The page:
A basic assumption was that exposure to the indoor environment would increase the manifestation of respiratory symptoms in predisposed individuals. The aim was to investigate the proportion of perceived respiratory symptoms attributed to specific environmental exposures, and associations related to indoor climate risk indicators, i.e. occurrence of damp or mould, insufficient ventilation and condensation on windows.

    Method

    A questionnaire was mailed to a random sample of 8008 individuals, stratified for gender and age. The response rate was 84% (n=6732). Established criteria for current asthma were used to classify subjects into three subgroups: asthmatics, healthy and symptomatics (but without current asthma).

    Results

    The proportion of symptoms attributed to specific environmental exposures increased in the total sample and in the three subgroups when indoor climate risk indicators, particularly damp or mould, were reported. Generally, the lowest proportions were found for healthy and the highest for asthmatics. Univariate analyses presented as relative risks (RR) (95% CI) showed significantly increased risks for perceived overall influence on airways for all groups, with RR ranging from 4.3 to 6.8. Although respiratory symptoms attributed to dust, environmental tobacco smoke (ETS) and strong scents increased when risk indicators were reported, RR were generally lower in all groups.

    Conclusion

    The high frequency of respiratory symptoms among asthmatics increased when occurrences of risk indicators were reported. Similarly, increased symptoms were found for healthy indicating that indoor climate risk indicators may affect both healthy and unhealthy individuals.

  • 5.
    Frisk, Margot L. A.
    et al.
    Örebro University, School of Health and Medical Sciences.
    Stridh, Göran
    Arbets- och miljömed. kliniken, USÖ.
    Ivarsson, Ann-Britt
    Örebro University, School of Health and Medical Sciences.
    Kamwendo, Kitty
    Örebro University, School of Health and Medical Sciences.
    Can a housing environmental index establish associations between indoor risk indicators and clinical tests in persons with asthma?2009In: International Journal of Environmental Health Research, ISSN 0960-3123, E-ISSN 1369-1619, Vol. 19, no 6, p. 389-404Article in journal (Refereed)
    Abstract [en]

    The aim was to investigate the associations between indoor risk indicators, identified by a Housing Environmental index (HE-index), and clinical tests of lung function, allergy and bronchial hyper-responsiveness (BHR). Forty-nine eligible subjects participated in the investigation. The HE-index was based on national and international guidelines and related to measurements of humidity, temperature, carbon dioxide, formaldehyde, nitrogen dioxide, allergens and occurrence of tobacco smoke and pets. Only 18% of the investigated homes did not have any of the risk indicators. Statistically significant associations were found between exposure to mites and lung function, and to a lesser degree in BHR for subjects living in homes with pets. The cut-off levels in the HE-index were not specifically related to health effects and may therefore have been too high for sensitive persons. Further studies are needed to establish relevant guidelines for the identification of risk indicators in the housing environment for persons with asthma.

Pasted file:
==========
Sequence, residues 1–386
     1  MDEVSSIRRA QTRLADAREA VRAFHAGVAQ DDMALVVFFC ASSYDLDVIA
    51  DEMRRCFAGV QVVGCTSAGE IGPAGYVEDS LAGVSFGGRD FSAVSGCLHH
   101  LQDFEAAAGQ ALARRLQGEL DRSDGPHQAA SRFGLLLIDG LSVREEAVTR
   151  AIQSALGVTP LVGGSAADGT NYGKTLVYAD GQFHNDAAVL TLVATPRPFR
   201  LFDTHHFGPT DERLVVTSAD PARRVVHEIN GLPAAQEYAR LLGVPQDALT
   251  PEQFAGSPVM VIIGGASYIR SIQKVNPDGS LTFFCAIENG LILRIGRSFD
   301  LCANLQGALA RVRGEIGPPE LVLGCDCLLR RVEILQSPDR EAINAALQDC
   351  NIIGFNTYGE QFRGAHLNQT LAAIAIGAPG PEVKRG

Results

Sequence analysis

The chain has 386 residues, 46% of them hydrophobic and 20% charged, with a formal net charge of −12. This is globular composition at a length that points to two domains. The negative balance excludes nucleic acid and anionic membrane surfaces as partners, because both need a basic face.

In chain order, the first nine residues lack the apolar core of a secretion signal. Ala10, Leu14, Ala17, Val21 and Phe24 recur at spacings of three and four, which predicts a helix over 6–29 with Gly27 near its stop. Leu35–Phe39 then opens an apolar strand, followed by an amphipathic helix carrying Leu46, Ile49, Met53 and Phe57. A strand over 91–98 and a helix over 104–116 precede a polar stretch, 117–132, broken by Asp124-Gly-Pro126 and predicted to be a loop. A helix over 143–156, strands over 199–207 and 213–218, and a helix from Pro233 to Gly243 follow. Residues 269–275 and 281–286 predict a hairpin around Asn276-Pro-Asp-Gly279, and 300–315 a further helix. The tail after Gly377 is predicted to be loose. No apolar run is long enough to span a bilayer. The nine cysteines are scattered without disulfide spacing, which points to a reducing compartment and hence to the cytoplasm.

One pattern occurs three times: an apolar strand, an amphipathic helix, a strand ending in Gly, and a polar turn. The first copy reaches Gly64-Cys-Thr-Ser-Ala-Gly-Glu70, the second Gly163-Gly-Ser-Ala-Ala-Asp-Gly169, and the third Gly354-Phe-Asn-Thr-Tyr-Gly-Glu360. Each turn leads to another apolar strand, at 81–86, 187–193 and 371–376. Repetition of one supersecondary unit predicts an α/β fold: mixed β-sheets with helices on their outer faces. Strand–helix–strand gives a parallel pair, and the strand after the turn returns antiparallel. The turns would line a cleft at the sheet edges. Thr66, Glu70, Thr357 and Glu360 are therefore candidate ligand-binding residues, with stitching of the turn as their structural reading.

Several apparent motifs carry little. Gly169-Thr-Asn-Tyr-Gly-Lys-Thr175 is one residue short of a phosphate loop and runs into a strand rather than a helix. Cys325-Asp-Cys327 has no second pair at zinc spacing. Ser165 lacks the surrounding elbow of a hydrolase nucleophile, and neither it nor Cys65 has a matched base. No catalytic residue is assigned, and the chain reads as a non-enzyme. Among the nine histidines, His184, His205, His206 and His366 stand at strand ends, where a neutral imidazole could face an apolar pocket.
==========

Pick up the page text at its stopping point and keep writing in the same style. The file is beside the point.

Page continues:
• 6.
    Frisk, Margot
    et al.
    Örebro University, Department of Health Sciences.
    Stridh, Göran
    Magnuson, Anders
    Ivarsson, Ann-Britt
    Kamwendo, Kitty
    Are there associations between indoor climate risk indicators, identified by a Housing Environmental index (HE-index), and clinical tests of lung function, allergy and bronchial hyper-responsiveness in persons with asthma?Manuscript (preprint) (Other academic)
  • 7.
    Pettersson, Ingvor
    et al.
    Örebro University, School of Health and Medical Sciences, Örebro University, Sweden.
    Pettersson, Viktor
    Skövde Municipality Rehab, Skövde, Sweden.
    Frisk, Margot L. A.
    Örebro University, School of Health and Medical Sciences, Örebro University, Sweden.
    ICF from an occupational therapy perspective in adult care: an integrative literature review2012In: Scandinavian Journal of Occupational Therapy, ISSN 1103-8128, E-ISSN 1651-2014, Vol. 19, no 3, p. 260-273Article in journal (Refereed)
    Abstract [en]

    Since its launch there has been increasing interest in the International Classification of Functioning, Disability and Health (ICF) within occupational therapy (OT). The aim of this study was to perform an integrative literature review, in order to present an overview of knowledge, where the ICF constitutes a significant part in relation to OT. A systematic literature search, covering the period 2001–2008, was performed in the databases MEDLINE, AMED, and CINAHL. A total of 112 articles were included and the majority had exploratory and descriptive designs. The results showed that ICF was valuable for research, clinical practice, and education. ICF was used to link existing instruments and to construct new outcome measures. Occupational therapists have been members of expert groups involved in the development of Core Sets for certain health conditions. Several positive aspects were described, e.g. an effective medium for communication at different levels. Many limitations were mentioned, such as unclear concepts and lack of subjective experiences. Suggestions for improvements were described. The conclusion was that the ICF has been used for a broad spectrum of purposes. The results indicated that further research is needed concerning application of the ICF in clinical practice and education.